Good For Nigeria, If Squash Players Play Like Egyptians

Not bad if Nigeria copy Egypt's attacking style of play

Egypt's Marwan ElShorbagy stretches France's Gregory Gaultier at a tournament in Zurich in 2015. PHOTO CREDIT: Squash Mad

By: Ridwan Adeola Yusuf

The top 20 players in the world are made up of a total of 14 Egyptians (men 8; women 6). They’ve put their mark on the noble game of squash.

Egyptian players are unique in style. They mostly play similar way. And that is the attacking style of play. The same as football. Like Brazil, Spain and Germany, who attack from all the sides of the pitch. Egyptian professional squash players attack from all angles that if you are at the back, you are always chasing the rubber ball. Their approach is amazingly entertaining.

Furthermore, Egyptian squash players are very talented to start to inject pace and take more volleys. They are not ‘sitting back’; they start to take step and strike. Crucially, they use the front-corner more than anybody in the game – with great momentum. Hence, they make you do all the running and tire you out. Therefore, if you are a player who have serious defect playing at the front of the court, you’d get taken apart by them.

Nigeria’s Tunde Ajagbe playing 2017 World Junior Squash Champion, Marwan Tarek of Egypt in Lagos recently. PHOTO CREDIT: CSO

Egyptians are so good at attacking style mainly because they have been playing that style from a very young age.

Captain Dayo Awobokun speaking as the Nigerian squash family watches. PHOTO CREDIT: CSO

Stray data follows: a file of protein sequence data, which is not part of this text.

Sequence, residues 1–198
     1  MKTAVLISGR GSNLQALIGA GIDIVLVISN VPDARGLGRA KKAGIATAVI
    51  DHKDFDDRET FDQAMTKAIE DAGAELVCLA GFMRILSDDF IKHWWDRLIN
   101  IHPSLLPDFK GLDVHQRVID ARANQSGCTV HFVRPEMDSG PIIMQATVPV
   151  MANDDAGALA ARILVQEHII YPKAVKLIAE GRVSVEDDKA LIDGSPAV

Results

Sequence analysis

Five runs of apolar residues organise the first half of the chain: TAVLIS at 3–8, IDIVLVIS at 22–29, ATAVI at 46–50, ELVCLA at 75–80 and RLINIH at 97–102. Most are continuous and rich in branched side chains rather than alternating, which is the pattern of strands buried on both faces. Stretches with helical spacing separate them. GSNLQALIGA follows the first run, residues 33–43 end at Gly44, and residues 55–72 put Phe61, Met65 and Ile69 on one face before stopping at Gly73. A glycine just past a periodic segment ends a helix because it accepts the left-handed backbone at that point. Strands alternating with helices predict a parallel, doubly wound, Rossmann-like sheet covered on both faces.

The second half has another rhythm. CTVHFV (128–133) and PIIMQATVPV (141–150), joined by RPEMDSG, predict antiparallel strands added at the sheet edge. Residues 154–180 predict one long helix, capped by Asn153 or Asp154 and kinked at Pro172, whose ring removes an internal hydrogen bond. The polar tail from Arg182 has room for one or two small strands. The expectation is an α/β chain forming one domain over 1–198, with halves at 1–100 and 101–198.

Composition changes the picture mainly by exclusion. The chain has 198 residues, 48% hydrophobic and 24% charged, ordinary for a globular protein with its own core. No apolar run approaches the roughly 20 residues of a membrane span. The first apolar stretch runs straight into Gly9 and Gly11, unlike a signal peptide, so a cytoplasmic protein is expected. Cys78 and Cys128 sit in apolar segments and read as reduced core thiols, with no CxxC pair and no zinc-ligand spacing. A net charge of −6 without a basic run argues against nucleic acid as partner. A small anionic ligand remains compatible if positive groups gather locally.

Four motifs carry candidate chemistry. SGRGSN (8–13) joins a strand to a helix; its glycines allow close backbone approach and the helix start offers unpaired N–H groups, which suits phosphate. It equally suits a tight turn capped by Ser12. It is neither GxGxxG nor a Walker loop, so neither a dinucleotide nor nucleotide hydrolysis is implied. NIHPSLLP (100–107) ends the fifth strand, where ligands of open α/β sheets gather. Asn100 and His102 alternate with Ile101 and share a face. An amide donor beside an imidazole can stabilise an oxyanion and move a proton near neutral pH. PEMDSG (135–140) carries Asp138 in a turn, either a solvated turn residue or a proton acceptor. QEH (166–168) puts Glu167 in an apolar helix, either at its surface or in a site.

Kudos to Nigerian squash stakeholders such as Capt. Dayo Awobokun and Bola Mogaji, who have been taking their time to tutor junior players. Still, it is not enough for the squash racket to be one’s best friend from tender age alone.

Nigerian juniors in action

The kids should be bred with a clear-cut philosophy. If it is resilience form, the kid should be educated that way. If it is going to the aggressive method, teach the child player to stick to that. Although, dynamism should be stressed. As they grow up, they then develop a complete game.

Some Nigeria Squash players at PSPAN Classic. CREDIT: 3TV CHANNEL

Lastly, a virtue Nigerian squash fraternity can imitate from Egypt – this time not related to play, is their unity.

Left to Right: Egyptian brothers, Karim Ali Fathy, Karim El Hammamy and Youssef Soliman at a PSA-sanctioned event.

Despite Egypt’s dominance, they maintain utmost respect for each other and harmonious relationship. I hereby call on the Nigerian squash family – Professional Squash Players Association of Nigeria (PSPAN) members most especially – to obliterate any form of grievance(s) they are nursing against each other.

If we must move forward, we must truly maintain one love!


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